In a historic step toward space exploration, India’s Chandrayaan 3 is set to land on the lunar surface today at 6:04 p.m. Following the failure of Chandrayaan 2’s mission, Chandrayaan 3 returns with a fury, armed with cutting-edge technology to assure a 100% fail-safe landing.
The Chandrayaan 3 mission was initiated on July 14 as a follow-up to Chandrayaan 2. Since its launch, the spacecraft has been on an intricate journey, culminating in its entry into lunar orbit on August 5. A series of orbit reduction maneuvers were meticulously executed on August 6, 9, 14, and 16, paving the way for the separation of the rover and lander modules on August 17.
A significant breakthrough is anticipated with Chandrayaan 3‘s successful landing. The spacecraft is poised to be the fourth to softly touch down on the lunar surface, following the footsteps of the United States, China, and the former Soviet Union. However, India is set to claim a pioneering achievement by becoming the first country to soft-land on the moon’s south pole, a region of immense interest due to its potential for harboring water.
The meticulous planning behind Chandrayaan 3‘s soft landing is noteworthy. Unlike a hard landing, which results in the spacecraft’s destruction upon impact, a soft landing involves a controlled descent where the craft gradually reduces its speed until it nearly halts upon touching the surface. This time, ISRO’s Chairman, S Somnath, assured that even in the event of multiple failures, the spacecraft’s sophisticated technology is designed to ensure a successful soft landing.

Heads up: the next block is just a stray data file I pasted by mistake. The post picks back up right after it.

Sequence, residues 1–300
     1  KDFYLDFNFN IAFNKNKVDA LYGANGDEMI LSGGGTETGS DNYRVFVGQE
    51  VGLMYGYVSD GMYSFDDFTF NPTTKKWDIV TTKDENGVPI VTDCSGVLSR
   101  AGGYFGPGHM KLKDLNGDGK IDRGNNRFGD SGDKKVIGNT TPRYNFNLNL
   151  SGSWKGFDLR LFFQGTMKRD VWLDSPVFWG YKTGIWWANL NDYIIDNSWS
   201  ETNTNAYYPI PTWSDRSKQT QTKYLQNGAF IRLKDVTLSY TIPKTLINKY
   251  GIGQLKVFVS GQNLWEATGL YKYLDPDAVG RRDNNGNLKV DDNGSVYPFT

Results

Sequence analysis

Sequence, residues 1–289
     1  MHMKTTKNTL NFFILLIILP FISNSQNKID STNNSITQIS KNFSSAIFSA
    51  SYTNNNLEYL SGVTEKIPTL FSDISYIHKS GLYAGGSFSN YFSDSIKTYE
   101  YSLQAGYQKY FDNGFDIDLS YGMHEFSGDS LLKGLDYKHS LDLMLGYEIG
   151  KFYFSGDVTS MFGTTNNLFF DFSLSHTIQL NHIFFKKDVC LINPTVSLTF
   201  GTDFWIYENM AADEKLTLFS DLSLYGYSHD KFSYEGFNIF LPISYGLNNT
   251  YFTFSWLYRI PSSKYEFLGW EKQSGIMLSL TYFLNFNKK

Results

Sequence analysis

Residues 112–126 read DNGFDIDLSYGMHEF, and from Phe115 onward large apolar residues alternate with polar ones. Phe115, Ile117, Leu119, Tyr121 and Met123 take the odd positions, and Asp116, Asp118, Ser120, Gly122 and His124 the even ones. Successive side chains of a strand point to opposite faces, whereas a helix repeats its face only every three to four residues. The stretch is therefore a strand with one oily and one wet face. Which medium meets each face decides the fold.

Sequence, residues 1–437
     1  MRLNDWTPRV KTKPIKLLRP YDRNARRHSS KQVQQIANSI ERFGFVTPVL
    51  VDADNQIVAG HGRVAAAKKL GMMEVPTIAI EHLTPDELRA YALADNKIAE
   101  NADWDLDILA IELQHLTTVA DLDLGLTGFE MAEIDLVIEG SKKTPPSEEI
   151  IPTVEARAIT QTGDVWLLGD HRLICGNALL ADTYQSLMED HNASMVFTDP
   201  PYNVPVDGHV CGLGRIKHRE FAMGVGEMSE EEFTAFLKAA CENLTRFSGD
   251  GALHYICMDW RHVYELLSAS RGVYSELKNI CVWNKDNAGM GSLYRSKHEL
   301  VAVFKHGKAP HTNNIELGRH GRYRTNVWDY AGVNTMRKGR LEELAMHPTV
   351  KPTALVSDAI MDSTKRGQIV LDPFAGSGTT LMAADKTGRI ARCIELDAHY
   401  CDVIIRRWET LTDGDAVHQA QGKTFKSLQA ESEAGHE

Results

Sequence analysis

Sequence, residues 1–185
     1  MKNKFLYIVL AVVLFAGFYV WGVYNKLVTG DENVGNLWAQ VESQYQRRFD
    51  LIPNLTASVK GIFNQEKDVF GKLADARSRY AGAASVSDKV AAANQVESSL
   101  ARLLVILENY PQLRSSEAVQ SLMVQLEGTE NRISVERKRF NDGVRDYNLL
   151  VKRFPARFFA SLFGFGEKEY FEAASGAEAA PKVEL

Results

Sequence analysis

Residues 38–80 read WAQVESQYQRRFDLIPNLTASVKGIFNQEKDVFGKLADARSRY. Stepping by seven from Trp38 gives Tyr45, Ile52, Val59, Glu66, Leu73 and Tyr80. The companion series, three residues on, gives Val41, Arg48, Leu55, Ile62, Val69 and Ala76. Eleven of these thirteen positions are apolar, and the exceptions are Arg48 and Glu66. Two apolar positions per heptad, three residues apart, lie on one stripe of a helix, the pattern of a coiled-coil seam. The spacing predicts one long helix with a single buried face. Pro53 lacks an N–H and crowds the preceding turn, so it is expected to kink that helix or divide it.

The final descent of Chandrayaan 3 is anticipated to commence from a height of 30 kilometers, with its speed gradually slowing to a mere 1.68 kilometers per hour. By the time it reaches the moon’s surface, its velocity will approach zero, marking a delicate and precise accomplishment.
Locals in Varanasi perform ‘hawan’ for successful landing of Chandrayaan-3 on Moon’s lunar surface on August 23.
Of particular importance is today’s landing phase, which presents a critical transition. Chandrayaan 3 is slated to pivot from a horizontal to a vertical orientation—a pivotal maneuver that encountered difficulties during Chandrayaan 2’s mission.
Upon a successful landing, Chandrayaan 3‘s rover will disembark from the lander’s belly to explore the moon’s surface. This exploration phase is set to last for one lunar day, equivalent to approximately 14 Earth days. During this span, the rover will diligently analyze the lunar terrain and environment, enhancing our understanding of the moon’s geology and resources.
While the lander and rover are expected to remain operational during the sunlit lunar days, their survival during the moon’s frigid nights, when temperatures plummet to as low as minus 180 degrees Celsius, remains uncertain. If they manage to endure these extreme conditions, it would stand as a remarkable achievement for ISRO.
In the event of an unsuccessful landing, ISRO’s resilience shines through. Chairman S Somnath has affirmed that even in the face of engine and sensor failures, the spacecraft is engineered to ensure a soft landing. In such a scenario, a second landing attempt is planned for August 24. Subsequent efforts can also be made every lunar day, which spans about 14 Earth days, ensuring that India’s dedication to lunar exploration persists.
The anticipation for this landmark event is palpable, with live coverage scheduled for August 23, 2023, starting at 17:20 IST. Viewers around the world can tune in to various platforms, including the ISRO Website, YouTube, ISRO’s Facebook page, and DD National TV channel, to witness India’s audacious leap into the cosmos. As Chandrayaan 3 ventures to make history, it underscores India’s unwavering commitment to space exploration and technological innovation.